Data Dives

Redmond Grew More Than Any Washington City During Covid Quarantining

But other Eastside suburbs didn’t see similar population bumps.

By Benjamin Cassidy May 31, 2022

Aerial shot of Redmond

Redmond is in a growth spurt.

During the dog days of pandemic quarantining, we wondered whether Seattle’s suburban exodus was real or imagined. The 2020 U.S. Census didn’t offer any more clarity. It only considered our population as of April 1, 2020, or just a few virtual happy hours into shutdowns. But Thursday’s reveal of the 2021 population estimate is our best guess yet for how remote work affected our local headcount.

The answer: not as dramatically as we might have thought. On July 1, 2021, about 733,919 called Seattle home, compared to an estimated 738,172 a year earlier, per the Bureau. The 4,253-person drop shaved less than one percent from our city’s numbers. Not exactly a headline-grabbing dive, especially when compared to the 6 percent (!) population plummet in San Francisco. Some of those San Franciscans undoubtedly replaced our recent move-outs.

The most noteworthy figures instead belonged to the suburbs. Redmond, the home of Microsoft and Tesla STEM, added more residents than any other city in Washington. With a nearly 3,000-person bump, its population now sits north of 76,000, or 4 percent more than on July 1, 2020.

Proportionally speaking, Black Diamond grew more than any other place in the state. A single-family development boom in cow pasture country led to a 17 percent hike in population.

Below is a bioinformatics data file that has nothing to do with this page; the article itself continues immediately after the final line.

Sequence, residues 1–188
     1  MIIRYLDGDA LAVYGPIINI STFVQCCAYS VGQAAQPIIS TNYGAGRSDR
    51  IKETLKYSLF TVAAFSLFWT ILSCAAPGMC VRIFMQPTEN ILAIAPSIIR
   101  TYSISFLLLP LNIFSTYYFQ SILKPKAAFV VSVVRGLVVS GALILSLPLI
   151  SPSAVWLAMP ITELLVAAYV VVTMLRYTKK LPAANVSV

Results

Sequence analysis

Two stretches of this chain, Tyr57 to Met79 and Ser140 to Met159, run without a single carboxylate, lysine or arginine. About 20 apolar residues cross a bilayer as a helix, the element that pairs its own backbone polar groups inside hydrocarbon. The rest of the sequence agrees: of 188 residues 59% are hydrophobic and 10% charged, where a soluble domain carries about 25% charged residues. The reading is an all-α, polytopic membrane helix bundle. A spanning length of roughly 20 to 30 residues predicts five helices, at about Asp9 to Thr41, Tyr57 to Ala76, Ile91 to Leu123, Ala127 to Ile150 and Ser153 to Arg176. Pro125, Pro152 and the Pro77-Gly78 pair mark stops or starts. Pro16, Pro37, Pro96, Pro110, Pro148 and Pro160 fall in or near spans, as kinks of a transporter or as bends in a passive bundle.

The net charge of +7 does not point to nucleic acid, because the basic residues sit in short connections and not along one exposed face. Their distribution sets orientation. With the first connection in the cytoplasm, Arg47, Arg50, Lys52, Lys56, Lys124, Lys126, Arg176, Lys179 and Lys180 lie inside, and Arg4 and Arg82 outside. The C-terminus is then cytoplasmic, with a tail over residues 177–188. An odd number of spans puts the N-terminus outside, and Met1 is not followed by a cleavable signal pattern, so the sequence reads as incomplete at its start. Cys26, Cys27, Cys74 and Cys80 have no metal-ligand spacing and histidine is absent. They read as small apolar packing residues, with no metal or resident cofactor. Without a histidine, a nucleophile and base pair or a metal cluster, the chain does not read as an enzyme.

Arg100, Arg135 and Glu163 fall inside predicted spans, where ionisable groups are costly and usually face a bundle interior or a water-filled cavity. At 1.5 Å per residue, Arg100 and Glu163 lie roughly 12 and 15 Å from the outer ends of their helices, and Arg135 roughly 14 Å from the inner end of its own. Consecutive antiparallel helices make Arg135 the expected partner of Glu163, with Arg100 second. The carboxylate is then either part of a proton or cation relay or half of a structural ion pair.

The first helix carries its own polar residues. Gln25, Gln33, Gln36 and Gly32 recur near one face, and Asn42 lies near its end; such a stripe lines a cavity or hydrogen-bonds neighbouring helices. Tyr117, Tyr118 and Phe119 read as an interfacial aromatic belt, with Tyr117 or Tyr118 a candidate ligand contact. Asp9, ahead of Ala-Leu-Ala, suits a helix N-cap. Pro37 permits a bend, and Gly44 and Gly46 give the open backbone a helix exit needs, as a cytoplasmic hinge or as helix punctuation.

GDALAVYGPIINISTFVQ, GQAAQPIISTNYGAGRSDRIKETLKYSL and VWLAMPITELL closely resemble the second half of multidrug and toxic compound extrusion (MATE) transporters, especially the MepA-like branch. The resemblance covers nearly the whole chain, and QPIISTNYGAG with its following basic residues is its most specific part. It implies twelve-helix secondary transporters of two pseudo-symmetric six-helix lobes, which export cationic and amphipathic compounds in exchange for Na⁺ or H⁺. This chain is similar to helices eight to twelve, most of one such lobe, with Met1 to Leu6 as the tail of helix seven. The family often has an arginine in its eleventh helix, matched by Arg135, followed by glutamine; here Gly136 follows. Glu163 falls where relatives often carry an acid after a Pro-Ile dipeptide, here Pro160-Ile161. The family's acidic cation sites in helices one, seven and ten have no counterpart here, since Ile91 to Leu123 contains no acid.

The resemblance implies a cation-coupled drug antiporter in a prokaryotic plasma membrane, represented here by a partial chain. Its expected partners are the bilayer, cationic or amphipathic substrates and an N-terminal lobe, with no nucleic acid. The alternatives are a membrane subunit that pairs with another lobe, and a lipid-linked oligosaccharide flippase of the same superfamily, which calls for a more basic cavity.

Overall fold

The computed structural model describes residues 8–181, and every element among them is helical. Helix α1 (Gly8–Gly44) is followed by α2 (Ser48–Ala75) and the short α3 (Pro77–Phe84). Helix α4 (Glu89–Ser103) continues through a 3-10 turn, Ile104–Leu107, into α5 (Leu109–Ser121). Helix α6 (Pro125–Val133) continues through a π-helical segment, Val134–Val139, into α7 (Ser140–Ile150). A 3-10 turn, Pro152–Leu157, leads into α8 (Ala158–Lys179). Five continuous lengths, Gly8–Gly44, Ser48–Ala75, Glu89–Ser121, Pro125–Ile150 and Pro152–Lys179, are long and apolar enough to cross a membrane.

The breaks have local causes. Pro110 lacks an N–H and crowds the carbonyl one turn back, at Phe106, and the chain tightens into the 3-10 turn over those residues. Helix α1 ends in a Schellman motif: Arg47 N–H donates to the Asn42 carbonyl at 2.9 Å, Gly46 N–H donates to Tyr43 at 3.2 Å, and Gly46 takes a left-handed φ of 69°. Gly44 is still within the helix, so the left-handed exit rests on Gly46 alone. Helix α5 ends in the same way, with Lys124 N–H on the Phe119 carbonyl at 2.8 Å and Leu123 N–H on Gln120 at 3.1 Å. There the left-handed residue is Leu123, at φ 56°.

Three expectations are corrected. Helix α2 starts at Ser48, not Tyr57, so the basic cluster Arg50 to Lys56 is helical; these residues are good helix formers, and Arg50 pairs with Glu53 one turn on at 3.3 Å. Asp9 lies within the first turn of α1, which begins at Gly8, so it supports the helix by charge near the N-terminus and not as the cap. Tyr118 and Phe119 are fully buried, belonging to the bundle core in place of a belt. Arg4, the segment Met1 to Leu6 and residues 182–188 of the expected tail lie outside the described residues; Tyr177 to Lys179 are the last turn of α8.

Tallies for other suburbs stood out for the opposite reason. Despite all the chatter about suburban flight, many of the cities around Seattle lost population. Of note:

  • Bellevue’s population declined by 1.6 percent, a little steeper than Shoreline and Sammamish’s 1.3 percent clippings;
  • Kent, previously considered one of the fastest growing cities in the U.S., saw a 1.3 percent drop;
  • And neighbors Renton, Federal Way, and Auburn all experienced at least a 1.5 percent decline.

Add it all up and King County likely had its first population decline in almost 50 years. Likely, because the Census Bureau arrives at these numbers based on housing unit estimates; it’s not as exacting a calculation as the actual decennial count.

The agency’s methodology did find that migration to other U.S. counties played a role in our shrinkage. So if there really was an exodus from Seattle, maybe it was to suburbs in other states. Some of Boise’s surrounding cities, for instance, were among the fastest-growing in the country.

You can find the latest population estimates for those places, and other major cities and Zoom towns, here.

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